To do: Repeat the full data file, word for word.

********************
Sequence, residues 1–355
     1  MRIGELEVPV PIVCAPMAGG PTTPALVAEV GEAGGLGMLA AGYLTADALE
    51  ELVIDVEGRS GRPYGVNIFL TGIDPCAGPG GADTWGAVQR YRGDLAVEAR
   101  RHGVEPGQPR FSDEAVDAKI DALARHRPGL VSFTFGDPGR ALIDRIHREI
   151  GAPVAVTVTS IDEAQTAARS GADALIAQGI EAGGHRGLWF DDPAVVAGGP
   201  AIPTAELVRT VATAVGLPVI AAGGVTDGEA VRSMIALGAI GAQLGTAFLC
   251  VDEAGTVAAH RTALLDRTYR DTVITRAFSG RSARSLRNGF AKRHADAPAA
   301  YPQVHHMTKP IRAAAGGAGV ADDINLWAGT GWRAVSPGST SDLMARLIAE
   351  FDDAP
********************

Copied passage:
Sequence, residues 1–355
     1  MRIGELEVPV PIVCAPMAGG PTTPALVAEV GEAGGLGMLA AGYLTADALE
    51  ELVIDVEGRS GRPYGVNIFL TGIDPCAGPG GADTWGAVQR YRGDLAVEAR
   101  RHGVEPGQPR FSDEAVDAKI DALARHRPGL VSFTFGDPGR ALIDRIHREI
   151  GAPVAVTVTS IDEAQTAARS GADALIAQGI EAGGHRGLWF DDPAVVAGGP
   201  AIPTAELVRT VATAVGLPVI AAGGVTDGEA VRSMIALGAI GAQLGTAFLC
   251  VDEAGTVAAH RTALLDRTYR DTVITRAFSG RSARSLRNGF AKRHADAPAA
   301  YPQVHHMTKP IRAAAGGAGV ADDINLWAGT GWRAVSPGST SDLMARLIAE
   351  FDDAP